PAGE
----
PRESTONSBURG — A line of 370 children, as well as 253 parents, braved chilly temperatures Thursday evening for a chance to meet Santa Claus and receive a gift, during the Prestonsburg Woman’s Club’s annual Christmas in the Park event at Archer Park.
The 21st annual event, which offers games, snacks and activities, in addition to Santa and his presents, served an almost identical number of children as last year, when 367 children attended.
Judy Howell, who organizes the event for the Prestonsburg Woman’s Club, said the event would not be possible without financial contributions from the City of Prestonsburg, Archer Park and private donors, as well the efforts of dozens of volunteers from the club and Big Sandy Community and Technical College.
“It really means a lot to the children at Christmastime,” Howell said.
The region’s soft economy has made the event even more important, as layoffs in the coal industry have made the financial aspect of the holidays harder to bear for many families.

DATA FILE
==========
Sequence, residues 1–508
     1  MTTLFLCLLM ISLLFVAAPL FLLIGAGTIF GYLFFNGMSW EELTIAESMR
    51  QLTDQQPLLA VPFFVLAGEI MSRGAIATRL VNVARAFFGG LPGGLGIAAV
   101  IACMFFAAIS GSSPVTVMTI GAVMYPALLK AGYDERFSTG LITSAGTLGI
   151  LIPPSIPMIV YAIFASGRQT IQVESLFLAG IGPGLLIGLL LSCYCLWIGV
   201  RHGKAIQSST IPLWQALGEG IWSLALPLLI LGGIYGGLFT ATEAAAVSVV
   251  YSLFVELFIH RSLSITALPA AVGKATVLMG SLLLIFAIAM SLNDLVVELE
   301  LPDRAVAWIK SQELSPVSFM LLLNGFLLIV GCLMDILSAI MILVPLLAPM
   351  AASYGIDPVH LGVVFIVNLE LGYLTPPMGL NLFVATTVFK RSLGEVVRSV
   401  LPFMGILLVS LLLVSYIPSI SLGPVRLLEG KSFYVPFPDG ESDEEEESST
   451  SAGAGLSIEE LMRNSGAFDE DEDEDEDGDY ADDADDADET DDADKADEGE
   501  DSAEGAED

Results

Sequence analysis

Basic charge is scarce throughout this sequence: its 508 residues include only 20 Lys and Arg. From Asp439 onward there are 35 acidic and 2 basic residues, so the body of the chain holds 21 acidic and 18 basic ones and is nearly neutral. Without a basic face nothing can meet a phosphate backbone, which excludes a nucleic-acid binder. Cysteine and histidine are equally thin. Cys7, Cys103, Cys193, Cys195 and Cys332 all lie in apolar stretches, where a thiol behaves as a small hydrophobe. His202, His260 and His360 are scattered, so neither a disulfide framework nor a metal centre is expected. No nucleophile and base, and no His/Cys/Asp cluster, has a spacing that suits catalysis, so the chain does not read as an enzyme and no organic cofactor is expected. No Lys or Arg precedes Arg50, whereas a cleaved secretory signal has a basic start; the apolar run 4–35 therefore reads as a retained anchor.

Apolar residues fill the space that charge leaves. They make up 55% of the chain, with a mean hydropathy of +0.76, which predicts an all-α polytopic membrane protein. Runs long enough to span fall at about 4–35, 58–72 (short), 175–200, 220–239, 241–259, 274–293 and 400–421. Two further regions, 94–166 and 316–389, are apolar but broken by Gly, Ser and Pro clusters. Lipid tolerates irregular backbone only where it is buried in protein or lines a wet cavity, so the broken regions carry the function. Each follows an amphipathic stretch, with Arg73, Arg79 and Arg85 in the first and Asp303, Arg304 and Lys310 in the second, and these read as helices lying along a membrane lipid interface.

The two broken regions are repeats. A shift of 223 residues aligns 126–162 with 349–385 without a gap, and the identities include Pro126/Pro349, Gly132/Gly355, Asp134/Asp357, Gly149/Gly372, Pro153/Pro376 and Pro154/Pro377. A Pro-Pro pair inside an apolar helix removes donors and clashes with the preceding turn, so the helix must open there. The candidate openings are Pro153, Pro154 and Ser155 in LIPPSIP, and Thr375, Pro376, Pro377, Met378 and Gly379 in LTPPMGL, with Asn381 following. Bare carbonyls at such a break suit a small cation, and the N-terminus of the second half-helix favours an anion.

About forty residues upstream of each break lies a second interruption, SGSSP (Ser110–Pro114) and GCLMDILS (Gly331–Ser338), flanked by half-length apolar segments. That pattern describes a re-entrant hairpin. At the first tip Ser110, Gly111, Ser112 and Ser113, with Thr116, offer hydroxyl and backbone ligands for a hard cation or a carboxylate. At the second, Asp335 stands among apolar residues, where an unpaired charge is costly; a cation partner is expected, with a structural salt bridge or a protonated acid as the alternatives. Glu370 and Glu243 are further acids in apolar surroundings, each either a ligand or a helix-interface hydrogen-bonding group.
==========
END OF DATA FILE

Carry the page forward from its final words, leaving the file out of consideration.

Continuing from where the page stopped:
“I think the recent layoffs in the coal mines are playing role, because many of the children who would normally go to the mall to see Santa are not able to do that,” Howell said. “So they’re staying closer to home. And because Archer Park and the city have everything decorated for Christmas, it’s so festive and it’s lots of fun for the children.
“For some of the children, it’s really the only Christmas party they’re going to go to, where they don’t have any worries. Everything’s free. They don’t have to worry about coming up with a quarter for this or 50 cents for that. Everything is free, through the donations that we receive from the organizations.”
But despite the poor economy, Howell said she hasn’t seen a dip in donations. If anything, she says, people are trying even harder.
“Shockingly enough, because the economy is so bad, everybody realizes it, and everybody who has something is willing to give,” Howell said.
While the children who attended the event were thrilled to leave with a new toy from Santa, Howell said she receives something more from the event.
“As a person who has coordinated this for 15 years, this starts off my Christmas,” Howell said. “This is Christmas.”